I asked Mark if there were any inspirational people who helped him overcome past adversities. “Fire and Rescue is teamwork” quoting, “A champion team will always beat a team of champions.”, “Ron Barassi who was an AFL legend said that. If you have not got a cohesive team all working to the same goal and expecting the same outcome, then forget it, go home now. I think that my inspiration has been those who have been able to cohesively balance a disparate team into a working and cohesive element within and as part of that bigger picture”.
Mark was then asked if there were any lessons he has learned in life. “Some people will go to Mars and some will wash the dishes for the Astronauts on the morning they go to Mars. Each person plays a role and forms their part within that role. The Prime Minister is nobody without the advisors and admin officers who support him.” Mark further added that there are times when you will have to seize opportunities in life “I have missed many opportunities because I was not prepared to say ‘I am, I will, I can’ because it’s ‘not all about me’ well sometimes it actually is about you! Don’t be afraid to sell yourself when you have to!”
Understanding now how intense Mark’s job can be, I asked him what he likes to do in his spare time. “Read or watch documentaries. I am currently reading ‘The Great Game’ about the problems near and around the Afghan, Indian, Pakistan border region between 1859 and the 1900’s. I have just finished reading ‘God is not Great’ by the late Christopher Hitchens and if you have ever had that question in the back of your mind about religion, read this book!”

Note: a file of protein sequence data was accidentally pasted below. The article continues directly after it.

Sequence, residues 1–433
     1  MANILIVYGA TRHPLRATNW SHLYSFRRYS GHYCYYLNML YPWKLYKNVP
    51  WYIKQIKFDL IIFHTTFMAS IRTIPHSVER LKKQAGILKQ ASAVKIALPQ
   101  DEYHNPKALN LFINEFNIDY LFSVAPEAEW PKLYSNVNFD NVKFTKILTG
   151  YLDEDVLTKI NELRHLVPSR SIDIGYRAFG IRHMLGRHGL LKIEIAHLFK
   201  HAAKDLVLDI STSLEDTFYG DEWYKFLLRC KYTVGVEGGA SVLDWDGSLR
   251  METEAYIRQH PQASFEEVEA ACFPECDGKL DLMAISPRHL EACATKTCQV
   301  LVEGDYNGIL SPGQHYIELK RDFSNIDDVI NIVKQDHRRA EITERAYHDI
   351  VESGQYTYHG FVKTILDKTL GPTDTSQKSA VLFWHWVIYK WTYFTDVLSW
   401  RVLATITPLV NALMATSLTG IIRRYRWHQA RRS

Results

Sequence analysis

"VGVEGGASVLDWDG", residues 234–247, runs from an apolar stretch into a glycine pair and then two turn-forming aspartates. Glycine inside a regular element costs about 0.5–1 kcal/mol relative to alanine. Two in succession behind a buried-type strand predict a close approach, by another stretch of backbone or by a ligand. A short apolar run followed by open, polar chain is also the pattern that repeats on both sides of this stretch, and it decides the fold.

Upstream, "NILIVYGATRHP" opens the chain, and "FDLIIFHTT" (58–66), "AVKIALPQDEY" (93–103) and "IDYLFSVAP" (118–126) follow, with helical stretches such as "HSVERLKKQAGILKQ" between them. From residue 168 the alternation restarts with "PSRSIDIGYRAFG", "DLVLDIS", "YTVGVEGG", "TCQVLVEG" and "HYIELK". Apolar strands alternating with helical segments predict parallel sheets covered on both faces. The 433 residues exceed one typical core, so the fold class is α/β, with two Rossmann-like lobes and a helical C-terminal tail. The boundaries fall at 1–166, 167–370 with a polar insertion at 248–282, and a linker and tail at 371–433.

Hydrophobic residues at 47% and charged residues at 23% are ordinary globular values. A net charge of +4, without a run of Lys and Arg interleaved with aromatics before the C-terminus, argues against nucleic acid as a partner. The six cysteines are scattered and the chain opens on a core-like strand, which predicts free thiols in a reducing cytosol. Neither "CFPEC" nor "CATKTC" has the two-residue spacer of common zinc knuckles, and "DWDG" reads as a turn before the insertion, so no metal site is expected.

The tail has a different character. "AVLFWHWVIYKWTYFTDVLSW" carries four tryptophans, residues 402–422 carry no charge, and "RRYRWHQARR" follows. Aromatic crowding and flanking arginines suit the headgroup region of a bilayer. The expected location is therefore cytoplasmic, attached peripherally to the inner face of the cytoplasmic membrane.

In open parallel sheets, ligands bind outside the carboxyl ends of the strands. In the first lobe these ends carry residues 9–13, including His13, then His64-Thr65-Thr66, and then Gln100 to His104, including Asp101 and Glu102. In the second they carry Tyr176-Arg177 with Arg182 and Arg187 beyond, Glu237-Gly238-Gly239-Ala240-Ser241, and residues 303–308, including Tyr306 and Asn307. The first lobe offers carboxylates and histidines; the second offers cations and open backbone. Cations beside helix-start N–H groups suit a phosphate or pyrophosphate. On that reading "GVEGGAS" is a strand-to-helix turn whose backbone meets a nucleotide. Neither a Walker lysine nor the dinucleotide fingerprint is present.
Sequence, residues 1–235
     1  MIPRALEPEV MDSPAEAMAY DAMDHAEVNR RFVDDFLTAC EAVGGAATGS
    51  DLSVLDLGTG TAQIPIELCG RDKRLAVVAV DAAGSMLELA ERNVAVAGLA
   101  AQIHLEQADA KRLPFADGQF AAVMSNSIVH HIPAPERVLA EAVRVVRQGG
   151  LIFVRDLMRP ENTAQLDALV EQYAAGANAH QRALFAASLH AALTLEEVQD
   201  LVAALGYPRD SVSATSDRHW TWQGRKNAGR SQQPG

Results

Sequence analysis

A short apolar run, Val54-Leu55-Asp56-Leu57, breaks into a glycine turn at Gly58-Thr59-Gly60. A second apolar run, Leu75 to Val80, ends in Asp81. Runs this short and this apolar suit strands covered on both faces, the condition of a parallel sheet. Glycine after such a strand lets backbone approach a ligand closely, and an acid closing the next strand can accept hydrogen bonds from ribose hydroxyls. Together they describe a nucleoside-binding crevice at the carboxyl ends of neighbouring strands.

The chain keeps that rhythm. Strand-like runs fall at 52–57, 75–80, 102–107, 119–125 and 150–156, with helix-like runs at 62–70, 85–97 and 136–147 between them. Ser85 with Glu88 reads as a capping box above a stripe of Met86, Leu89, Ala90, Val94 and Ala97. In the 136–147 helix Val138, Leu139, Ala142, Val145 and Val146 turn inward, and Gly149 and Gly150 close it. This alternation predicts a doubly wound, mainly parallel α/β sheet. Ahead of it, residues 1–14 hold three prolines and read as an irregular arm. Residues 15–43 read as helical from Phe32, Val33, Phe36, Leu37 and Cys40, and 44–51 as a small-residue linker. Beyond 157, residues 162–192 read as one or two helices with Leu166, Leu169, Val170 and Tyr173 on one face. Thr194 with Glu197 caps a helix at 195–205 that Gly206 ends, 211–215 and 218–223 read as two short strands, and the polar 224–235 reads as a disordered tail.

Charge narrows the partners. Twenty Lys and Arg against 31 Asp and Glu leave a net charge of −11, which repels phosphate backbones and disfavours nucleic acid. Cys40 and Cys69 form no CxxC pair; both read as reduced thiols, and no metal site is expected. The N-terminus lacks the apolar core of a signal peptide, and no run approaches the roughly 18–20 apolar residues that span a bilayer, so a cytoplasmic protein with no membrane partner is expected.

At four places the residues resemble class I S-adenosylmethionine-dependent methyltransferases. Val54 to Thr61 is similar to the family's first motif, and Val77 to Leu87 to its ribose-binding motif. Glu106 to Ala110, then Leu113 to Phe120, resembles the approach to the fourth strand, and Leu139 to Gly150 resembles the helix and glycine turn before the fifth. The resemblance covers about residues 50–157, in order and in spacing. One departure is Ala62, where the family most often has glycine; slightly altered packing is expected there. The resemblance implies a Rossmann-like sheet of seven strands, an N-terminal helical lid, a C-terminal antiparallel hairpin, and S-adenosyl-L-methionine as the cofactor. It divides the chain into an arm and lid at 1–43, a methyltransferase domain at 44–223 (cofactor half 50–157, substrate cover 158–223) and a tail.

I asked Mark how he keeps motivated “I have my family to look after and protect. I have a community that still requires looking after and protecting. Serving my family and my community is my greatest motivator. If I have learned anything in forty-five and a half years in Fire and Rescue, it is that I am here not to be a receiver, but to give and help and try to ensure that people are, and continue to, remain safe.”
With COVID-19 currently in full-swing, I asked Mark what he is doing to stay positive at the moment. “The usual. I have a family to look after, and my role within our community still requires my attention.”, Mark wanted to mention that he is looking for volunteers. Speaking to the youth, he said “You are the future of this great nation, of our State of Queensland and of the Hinchinbrook Shire. We need you to step-up, be motivated and carry forward the traditions of the past and push them into the future with your new ideas and techniques. The Rural Fire Service, the State Emergency Service, Forrest Beach Fire & Rescue need personnel now. They need you now so that they can impart the knowledge and the experience, so that you (youth of Hinchinbrook) can take on those future leadership roles.”
A big thank-you to Mark for taking time out of his busy schedule to do this interview. We really appreciate it here at HCSC.
Photo: Mark's son Jack, his wife Marilyn, his daughter Samantha, Mark, and Heather Shanks (Nanna)
If you are interested in volunteering:
Click here to be taken to the QFES volunteers page for some more information about volunteering.